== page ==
VIEWS: 33 PAGES: 5 POSTED ON: 3/22/2010
COMPUTER SECURITY & INFORMATION ASSURANCE PROGRAM Course-IA500:Foundations The first course provides an introduction to information assurance. The topics covered include cyberspace law, computer forensics, computer crime, information warfare, penetrating computer systems and networks, malicious code, denial-of-service attacks, E-commerce vulnerabilities, and physical threats to the information infrastructure. 1. Introduction to Information Systems Security Assurance 2. Computer Crime Classification & Surveys 3. Information Warfare 4. The Psychology of Computer Criminals 5. Penetrating Computer Systems & Networks 6. Malicious Code, Mobile Code & Denial-Of-Service Attacks 7. Cyberspace Law & Computer Forensics 8. Protecting Intellectual Property Law 9. Fundamentals of Cryptography 10. Public Key Infrastructure 11. Preparation of Student Reports Course-IA520:Prevention-Technical-Defenses The second course examines the range and effectiveness of the technical tools used to protect the information infrastructure. These tools include cryptography systems, identification and authentication, operating system security, e- commerce safeguards, firewalls and proxy servers, anti-malware and anti-spy ware technology, software development and quality assurance, and anti-piracy techniques. 1. Physical threats to the information infrastructure 2. Protecting the information infrastructure, monitoring, controls and honey pots 3. Identification and authentication 4. Operating system fundamentals and security 5. Network management LAN security, and wireless networks 6. Firewalls, proxy servers and intrusion detection systems 7. Anti-malware and anti-spam measures 8. E-commerce security 9. Software development and quality assurance - anti-piracy techniques 10. Security standards for products 11. Preparation of student reports Advance Computer Security & Information Assurance Training Program 1 Course–IA530:Prevention-Human-Factors This course looks at the human factors contributing to information security. These factors include security policy guidelines, security awareness, ethical decision-making in the context of technology, employment practices and policies, operations security and production controls, e-mail and Internet use policies, working with law enforcement, use of social psychology to implement security policies, and auditing. 1. Security policy guidelines 2. Security awareness 3. Ethical decision-making and high technology 4. Employment practices and policies 5. Operations security and production controls 6. E-mail and Internet use policies 7. Working with law enforcement 8. Using social psychology to implement security policies 9. Auditing and assessing computer systems 1 10. Auditing and assessing computer systems 2 11. Preparation of student reports Course–IA540:Detection,Responseand Hot Topics The fourth course covers the tools and techniques for detecting and responding to intrusions. The topics in this seminar include vulnerability assessment, and intrusion detection systems, computer emergency/incident response teams, censorship, privacy and anonymity, standards and laws, and the future of information assurance. 1. Threat and vulnerability analysis 2. Risk assessment and risk management 3. Business continuity planning, backups 4. Disaster recovery planning 5. Computer emergency quick-response teams 6. Digital investigations and incident post-mortem 7. Censorship, privacy and anonymity 8. Standards and laws: ISO17799, GLB, SOX and HIPAA 9. The future of information assurance 10. Professional development in IA 11. Preparation of student reports Advance Computer Security & Information Assurance Training Program 2 The following courses are elective courses (IA-551, IA-552, IA-553, AND IA-554). Choose one. Each course is 11 weeks long. IA-551 Emergency Management Course IA551 - Elective The Emergency Management seminar prepares you to enter the emergency management field in either the private or public realm. You will learn the principles of emergency management and you will gain the real-world experience of developing an emergency management plan for your organization. The Emergency Management course will take you through the emergency management planning life cycle. You will examine planning and preparedness methodologies, risk assessment at organization-wide or community-wide levels, and vulnerability assessments, which identify the specific functions that could be disrupted by a disaster. The course then explores the mitigation strategies to reduce exposure to disasters. The final topics are response to, and recovery from,disasters. IA-552 Business Continuity Planning Course IA552 - Elective Business continuity planning is similar to emergency management in its focus on prevention of and recovery from disruptions in an organization's processes. The difference lies in BCP's focus on organizational survival: developing strategies that allow critical business processes to continue despite the crisis until normal business functions can be resumed. Business continuity planners must also account for threats beyond traditional disasters such as fire, storm, or terrorism to include technology-based threats such as virus attacks, data loss, and corporate espionage. The goal is to develop methods to continue operations in the face of both localized and large-scale incidents. These methods must also address issues specific to organizations, such as public relations during an incident, working with authorities on an investigation, and replacing workers. Business continuity planning begins with a risk assessment and mitigation plan. Threats are examined in terms of impact on an organization's bottom line. Prioritizing threats and allocating mitigation resources will only be effective if the financial consequences of threat and mitigation are understood. Business continuity planning includes data backup and recovery techniques, employee training, and how to orchestrate shifting operations to offsite facilities. The overarching goal is to develop cost-effective systems which limit operational disruptions and quickly return an organization to normal functioning in a cost- effective manner. Advance Computer Security & Information Assurance Training Program 3 IA-553 Computer Security Incident Response Teams Course IA553 - Elective this course summarizes the key points in creating and managing a computer incident response team (CSIRT), also sometimes known as a computer emergency response team(CERT). Time spent evaluating and planning emergency response so that it is shortened by a few seconds may save a life or prevent a business disaster. Organizing people to respond to computer security incidents is worth the effort not only when an incident occurs but also because the analysis and interactions leading to establishment of the CSIRT bring benefits even without an emergency. This seminar will explore the following topics: Creating the CSIRT: functions, service levels, policies, staffing Responding to computer emergencies: triage, expertise, tracking, hotlines Managing the CSIRT: triage, expertise, tracking, hotlines Continuous process improvement: the post-mortem, sharing knowledge within the organization, sharing knowledge in the security community IA-554 Computer Forensics Investigations Course IA554 - Elective The Computer Forensics Investigation course is an eleven-week survey of the investigation of digital incidents such as electronic fraud, cyber crime and cyber terror. Survey topics include types and characteristics of digital incidents, management of digital evidence, investigative techniques, the difference between digital and traditional investigation, investigative and forensic tools and techniques, computer, network and software forensics, human factors in digital crime, and presenting conclusions. The seminar applies the framework suggested by the Digital Forensics Research Workshop comprising Identification, Preservation, Collection, Examination, Analysis, and Presentation. Course – IA560: Management Tools The sixth course examines the central concepts and techniques of management with an eye to supporting information assurance, including basic principles, working with vendors, balancing the need for protection of information with the need for information sharing, methods of accounting for expenditures and budgeting for projects, techniques for measuring results, leadership skills and problem-solving methods. 1. Security program and project management 2. Security leadership and organization 3. Security business case and financial concepts Advance Computer Security & Information Assurance Training Program 4 4. Security process, metrics and investment 5. Security frameworks 6. Compliance 7. Vendor relations, outsourcing and negotiations 8. Maturing a security program 9. Problem management 10. Security principles 11. Preparation of student reports Student Consultancy Project Meld theory with practice through our student case project is our unique program. In each course you will analyze the impact of security requirements and practices on your organization, and provide an extensive report on your organization's security environment including recommendations for improvements and increased security effectiveness. These six reports will provide invaluable analysis and recommendations to your organization's management, build important relationships, and establish yourself as a security leader. Confidentiality As security professionals, the developers and directors of the CSIAC have been concerned about the confidentiality of our students' employers' information. Only the Program Director, the Associate Program Director, and an Assistant Director have access to information about a student's employer during the admissions process. University staff members in the offices of the Registrar may also have access to employer information because of student financial arrangements. As a CSIAC student, you need never reveal where you work to students and faculty in the program: You may use a non-employer e-mail address You may refer to your employer as "my employer" or "the organization" or some other neutral term in all discussions and term papers You need not indicate in which city, area of the country where you live You have no obligation to reveal which businesses, or branch of the government, or military you work for You are under no pressure whatsoever to compromise the confidentiality of your employer's information The only people who must read your term papers are your Instructors; if you wish to share your papers with other students as part of a peer-review process, that's entirely up to you. Other members of the CSIAC staff may read papers as part of their quality-control duties. In cases of suspected academic dishonesty, the CSIAC on Academic Integrity will also read specific papers. As a matter of professionalism, propriety, privacy and academic integrity no part of any student work or discussion should ever be quoted, circulated or republished without explicit permission from the writer. Advance Computer Security & Information Assurance Training Program 5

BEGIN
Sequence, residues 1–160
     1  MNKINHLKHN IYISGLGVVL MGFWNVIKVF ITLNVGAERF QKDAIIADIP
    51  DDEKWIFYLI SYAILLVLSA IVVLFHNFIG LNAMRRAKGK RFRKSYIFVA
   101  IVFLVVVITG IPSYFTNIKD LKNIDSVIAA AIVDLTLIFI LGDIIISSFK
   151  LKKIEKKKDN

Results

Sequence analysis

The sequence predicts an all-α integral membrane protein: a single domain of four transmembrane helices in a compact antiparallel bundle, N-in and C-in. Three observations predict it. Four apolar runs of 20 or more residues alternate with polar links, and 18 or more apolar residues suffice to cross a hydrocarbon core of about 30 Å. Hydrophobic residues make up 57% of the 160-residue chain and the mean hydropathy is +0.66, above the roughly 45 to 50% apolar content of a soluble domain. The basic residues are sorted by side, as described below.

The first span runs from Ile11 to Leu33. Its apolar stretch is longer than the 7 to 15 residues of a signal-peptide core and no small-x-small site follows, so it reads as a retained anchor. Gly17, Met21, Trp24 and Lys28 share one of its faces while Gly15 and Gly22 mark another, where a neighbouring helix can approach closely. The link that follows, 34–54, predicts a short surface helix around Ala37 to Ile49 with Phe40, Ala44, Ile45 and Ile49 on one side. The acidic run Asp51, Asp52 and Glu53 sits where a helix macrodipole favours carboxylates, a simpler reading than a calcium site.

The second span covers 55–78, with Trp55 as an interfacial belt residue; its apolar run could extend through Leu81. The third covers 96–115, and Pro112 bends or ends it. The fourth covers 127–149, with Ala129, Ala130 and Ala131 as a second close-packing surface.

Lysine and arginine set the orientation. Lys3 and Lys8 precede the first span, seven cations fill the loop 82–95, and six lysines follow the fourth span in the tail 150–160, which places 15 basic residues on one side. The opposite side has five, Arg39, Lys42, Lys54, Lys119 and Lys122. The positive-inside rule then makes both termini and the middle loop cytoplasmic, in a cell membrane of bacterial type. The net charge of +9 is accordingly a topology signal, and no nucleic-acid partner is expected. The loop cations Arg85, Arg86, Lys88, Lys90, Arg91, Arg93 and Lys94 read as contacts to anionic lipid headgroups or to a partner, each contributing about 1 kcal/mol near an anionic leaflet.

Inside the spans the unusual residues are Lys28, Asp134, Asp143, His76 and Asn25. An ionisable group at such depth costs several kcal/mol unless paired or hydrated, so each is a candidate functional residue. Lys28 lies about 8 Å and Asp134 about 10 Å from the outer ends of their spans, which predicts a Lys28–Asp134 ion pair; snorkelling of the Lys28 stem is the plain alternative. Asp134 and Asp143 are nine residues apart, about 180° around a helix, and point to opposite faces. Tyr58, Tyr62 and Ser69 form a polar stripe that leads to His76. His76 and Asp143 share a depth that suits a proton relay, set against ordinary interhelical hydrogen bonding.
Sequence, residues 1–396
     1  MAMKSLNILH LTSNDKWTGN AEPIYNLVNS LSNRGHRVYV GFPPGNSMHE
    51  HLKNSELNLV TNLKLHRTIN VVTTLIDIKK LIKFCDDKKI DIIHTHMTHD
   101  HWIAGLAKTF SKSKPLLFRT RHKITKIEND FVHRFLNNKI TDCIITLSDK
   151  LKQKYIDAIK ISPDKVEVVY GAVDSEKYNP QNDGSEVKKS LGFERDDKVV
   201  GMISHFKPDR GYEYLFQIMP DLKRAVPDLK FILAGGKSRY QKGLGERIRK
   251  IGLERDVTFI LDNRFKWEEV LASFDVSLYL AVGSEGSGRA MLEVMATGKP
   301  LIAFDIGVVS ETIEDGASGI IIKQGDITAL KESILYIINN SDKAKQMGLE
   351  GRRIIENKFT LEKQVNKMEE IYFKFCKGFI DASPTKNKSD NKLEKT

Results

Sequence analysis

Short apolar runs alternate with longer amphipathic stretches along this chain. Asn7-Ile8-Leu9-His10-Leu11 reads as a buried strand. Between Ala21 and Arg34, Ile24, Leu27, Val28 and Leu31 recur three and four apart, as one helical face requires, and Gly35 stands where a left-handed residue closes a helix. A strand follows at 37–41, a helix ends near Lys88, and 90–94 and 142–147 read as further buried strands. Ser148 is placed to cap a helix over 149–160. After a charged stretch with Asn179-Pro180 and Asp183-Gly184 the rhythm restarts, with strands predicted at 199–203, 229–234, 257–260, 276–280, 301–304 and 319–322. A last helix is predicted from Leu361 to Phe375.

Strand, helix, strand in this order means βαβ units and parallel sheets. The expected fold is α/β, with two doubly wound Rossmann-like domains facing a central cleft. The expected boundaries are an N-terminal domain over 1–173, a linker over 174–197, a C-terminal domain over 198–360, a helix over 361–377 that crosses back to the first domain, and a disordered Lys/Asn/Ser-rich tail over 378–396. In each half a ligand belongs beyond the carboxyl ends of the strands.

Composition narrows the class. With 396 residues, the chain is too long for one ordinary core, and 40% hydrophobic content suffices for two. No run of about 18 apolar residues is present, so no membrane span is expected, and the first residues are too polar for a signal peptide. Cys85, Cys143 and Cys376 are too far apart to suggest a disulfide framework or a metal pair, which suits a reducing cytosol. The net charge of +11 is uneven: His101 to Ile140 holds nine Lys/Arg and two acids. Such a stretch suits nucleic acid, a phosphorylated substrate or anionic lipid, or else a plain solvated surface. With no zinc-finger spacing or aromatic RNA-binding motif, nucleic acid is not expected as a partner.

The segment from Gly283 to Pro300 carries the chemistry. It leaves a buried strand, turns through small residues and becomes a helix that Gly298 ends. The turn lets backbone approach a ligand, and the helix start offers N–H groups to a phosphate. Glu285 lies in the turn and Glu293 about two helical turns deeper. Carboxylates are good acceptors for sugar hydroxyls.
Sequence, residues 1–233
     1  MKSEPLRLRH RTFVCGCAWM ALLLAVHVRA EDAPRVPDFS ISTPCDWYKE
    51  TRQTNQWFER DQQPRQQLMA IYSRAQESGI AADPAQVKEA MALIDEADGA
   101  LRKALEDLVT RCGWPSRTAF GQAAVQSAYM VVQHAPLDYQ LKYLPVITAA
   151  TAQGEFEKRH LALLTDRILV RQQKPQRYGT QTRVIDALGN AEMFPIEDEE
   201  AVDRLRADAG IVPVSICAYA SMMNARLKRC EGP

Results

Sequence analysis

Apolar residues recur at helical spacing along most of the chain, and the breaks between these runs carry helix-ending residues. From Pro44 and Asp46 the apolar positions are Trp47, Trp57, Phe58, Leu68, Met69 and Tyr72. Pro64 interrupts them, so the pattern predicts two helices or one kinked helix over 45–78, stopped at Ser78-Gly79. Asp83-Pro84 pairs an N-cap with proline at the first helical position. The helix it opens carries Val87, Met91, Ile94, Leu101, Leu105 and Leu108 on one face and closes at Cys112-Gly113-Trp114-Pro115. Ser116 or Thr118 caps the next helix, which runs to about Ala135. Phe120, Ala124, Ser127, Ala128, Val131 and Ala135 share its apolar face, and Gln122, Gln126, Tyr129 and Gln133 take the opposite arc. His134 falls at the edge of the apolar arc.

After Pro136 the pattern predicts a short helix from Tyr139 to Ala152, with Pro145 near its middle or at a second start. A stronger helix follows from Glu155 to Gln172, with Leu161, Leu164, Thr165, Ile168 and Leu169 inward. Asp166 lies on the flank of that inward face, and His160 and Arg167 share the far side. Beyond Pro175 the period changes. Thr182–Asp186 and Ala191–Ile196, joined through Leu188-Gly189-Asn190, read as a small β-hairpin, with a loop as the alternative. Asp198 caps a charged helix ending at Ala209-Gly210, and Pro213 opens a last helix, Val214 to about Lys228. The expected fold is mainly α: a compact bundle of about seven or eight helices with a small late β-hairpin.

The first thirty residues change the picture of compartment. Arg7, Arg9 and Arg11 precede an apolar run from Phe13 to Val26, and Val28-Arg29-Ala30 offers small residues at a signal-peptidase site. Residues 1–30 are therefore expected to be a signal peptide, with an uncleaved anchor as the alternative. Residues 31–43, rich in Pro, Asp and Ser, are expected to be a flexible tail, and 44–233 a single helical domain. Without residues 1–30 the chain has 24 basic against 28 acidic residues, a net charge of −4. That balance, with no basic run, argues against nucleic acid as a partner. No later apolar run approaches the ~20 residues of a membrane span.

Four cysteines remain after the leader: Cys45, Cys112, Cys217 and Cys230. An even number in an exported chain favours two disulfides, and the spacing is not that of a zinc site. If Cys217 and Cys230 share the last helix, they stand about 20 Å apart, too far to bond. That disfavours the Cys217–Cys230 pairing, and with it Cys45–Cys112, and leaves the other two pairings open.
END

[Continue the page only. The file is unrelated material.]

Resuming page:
"COMPUTER SECURITY _"